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OSU alumna honored for work in science and technology | News

STILLWATER – Oklahoma State University alumna and Cherokee Nation citizen Dr. Cara Cowan Watts will be recognized Saturday with the Ely S. Parker Award, the highest honor awarded by the American Indian Science and Engineering Society.

Watts will receive the award during the American Indian Science and Engineering Society national conference – which is being held virtually – for her contributions and achievements in science, technology, engineering and mathematics.

“I believe our tribal nations and Oklahoma both win when STEM careers and degrees are valued and embraced by more people rather than fewer,” she said.

Cowan Watts has followed her own advice. The three-time OSU graduate earned her bachelor’s degree in mechanical engineering in 1997, a master’s degree in telecommunications management in 2002, and a doctorate in biosystems engineering in 2015.

In 2001, she and her brother, Brett, established a scholarship fund for Native American engineering students in their parents’

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The new line of attack on climate science in the age of megafires

Every morning, wildland firefighters gather around radios to listen to the weather forecast. This summer, I was part of the team that fought a fire near Big Sur. When I heard the staticky voice announce that temperatures would exceed 105 degrees, the forecast sounded like a death sentence.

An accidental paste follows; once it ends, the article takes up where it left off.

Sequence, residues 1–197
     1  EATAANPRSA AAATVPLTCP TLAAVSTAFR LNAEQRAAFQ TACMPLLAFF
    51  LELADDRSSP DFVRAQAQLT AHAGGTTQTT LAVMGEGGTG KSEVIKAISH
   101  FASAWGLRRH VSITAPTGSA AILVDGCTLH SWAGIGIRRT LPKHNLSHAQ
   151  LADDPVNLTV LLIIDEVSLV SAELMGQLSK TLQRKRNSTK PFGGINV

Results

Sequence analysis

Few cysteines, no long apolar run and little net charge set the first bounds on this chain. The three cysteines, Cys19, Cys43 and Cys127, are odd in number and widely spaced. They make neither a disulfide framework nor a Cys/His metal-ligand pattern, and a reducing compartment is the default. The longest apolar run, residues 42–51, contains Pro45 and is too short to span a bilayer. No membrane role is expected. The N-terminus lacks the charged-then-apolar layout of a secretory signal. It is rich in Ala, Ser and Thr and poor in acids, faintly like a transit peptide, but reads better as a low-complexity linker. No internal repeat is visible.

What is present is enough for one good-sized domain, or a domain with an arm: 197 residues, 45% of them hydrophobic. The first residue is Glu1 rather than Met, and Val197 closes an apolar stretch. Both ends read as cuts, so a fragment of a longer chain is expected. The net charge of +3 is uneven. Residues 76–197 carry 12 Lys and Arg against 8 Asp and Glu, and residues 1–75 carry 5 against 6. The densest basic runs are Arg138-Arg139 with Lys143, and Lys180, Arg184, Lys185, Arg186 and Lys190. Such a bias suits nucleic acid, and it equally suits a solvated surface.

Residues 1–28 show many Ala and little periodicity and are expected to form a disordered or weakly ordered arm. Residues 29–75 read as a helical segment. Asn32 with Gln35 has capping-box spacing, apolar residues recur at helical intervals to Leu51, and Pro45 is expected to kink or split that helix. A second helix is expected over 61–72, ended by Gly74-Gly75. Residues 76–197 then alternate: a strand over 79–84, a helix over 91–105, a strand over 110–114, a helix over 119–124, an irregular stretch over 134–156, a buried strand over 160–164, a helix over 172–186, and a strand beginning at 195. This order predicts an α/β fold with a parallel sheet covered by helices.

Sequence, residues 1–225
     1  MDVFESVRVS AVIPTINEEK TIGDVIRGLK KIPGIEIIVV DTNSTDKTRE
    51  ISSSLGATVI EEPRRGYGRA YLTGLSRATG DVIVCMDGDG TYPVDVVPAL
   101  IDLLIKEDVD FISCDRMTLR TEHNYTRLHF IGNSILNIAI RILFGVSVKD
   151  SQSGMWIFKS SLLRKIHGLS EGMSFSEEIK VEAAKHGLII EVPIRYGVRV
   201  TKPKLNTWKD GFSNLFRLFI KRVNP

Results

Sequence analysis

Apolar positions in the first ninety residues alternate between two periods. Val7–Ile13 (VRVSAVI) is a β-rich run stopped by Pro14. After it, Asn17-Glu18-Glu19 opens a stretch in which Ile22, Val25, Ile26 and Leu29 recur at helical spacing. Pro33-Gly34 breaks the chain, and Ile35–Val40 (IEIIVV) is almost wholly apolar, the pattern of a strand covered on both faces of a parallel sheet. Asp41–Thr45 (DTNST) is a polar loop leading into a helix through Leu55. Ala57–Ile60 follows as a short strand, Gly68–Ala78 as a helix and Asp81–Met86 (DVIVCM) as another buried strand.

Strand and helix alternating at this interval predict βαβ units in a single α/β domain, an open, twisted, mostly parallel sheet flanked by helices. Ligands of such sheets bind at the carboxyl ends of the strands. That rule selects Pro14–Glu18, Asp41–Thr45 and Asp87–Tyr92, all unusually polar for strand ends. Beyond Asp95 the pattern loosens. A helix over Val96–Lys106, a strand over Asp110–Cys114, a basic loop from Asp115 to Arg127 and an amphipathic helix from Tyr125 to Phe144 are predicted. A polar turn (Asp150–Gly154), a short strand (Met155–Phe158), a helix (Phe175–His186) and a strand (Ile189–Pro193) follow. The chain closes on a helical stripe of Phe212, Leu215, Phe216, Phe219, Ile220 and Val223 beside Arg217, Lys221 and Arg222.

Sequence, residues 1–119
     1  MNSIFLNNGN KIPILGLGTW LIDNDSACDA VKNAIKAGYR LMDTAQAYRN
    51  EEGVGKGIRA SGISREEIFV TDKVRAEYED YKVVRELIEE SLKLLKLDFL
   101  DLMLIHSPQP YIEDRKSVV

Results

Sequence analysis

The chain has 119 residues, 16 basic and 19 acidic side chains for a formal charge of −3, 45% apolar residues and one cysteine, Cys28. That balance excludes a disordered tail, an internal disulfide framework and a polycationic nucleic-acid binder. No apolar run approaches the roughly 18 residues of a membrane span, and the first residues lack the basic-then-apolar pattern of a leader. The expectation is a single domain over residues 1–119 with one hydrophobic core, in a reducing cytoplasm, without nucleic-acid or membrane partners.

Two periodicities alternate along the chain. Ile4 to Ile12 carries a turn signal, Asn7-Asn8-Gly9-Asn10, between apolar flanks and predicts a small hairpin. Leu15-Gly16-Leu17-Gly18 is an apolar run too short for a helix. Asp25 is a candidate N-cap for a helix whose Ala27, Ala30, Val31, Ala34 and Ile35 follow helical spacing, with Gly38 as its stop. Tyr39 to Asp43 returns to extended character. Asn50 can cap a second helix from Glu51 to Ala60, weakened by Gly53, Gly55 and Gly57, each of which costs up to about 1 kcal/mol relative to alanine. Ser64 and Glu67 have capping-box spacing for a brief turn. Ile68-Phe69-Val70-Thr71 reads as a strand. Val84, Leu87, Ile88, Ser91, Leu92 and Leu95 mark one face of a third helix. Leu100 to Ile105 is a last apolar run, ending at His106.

a close up of clouds in front of a sunset: The August Complex fire burns near Lake Pillsbury in the Mendocino National Forest on Sept. 16. By Oct. 5, it had burned more than 1 million acres. (Noah Berger/Associated Press )


© (Noah Berger / Associated Press)
The August Complex fire burns near Lake Pillsbury in the Mendocino National Forest on Sept. 16. By Oct. 5, it had burned more than 1 million acres. (Noah Berger/Associated Press )

Across California, unprecedented heat has made wildfires more difficult to predict and control. During the heat wave in Big Sur, the fire, which had been 40% contained at 30,000 acres, tripled in size in a matter of days. It has now burned nearly 125,000 acres.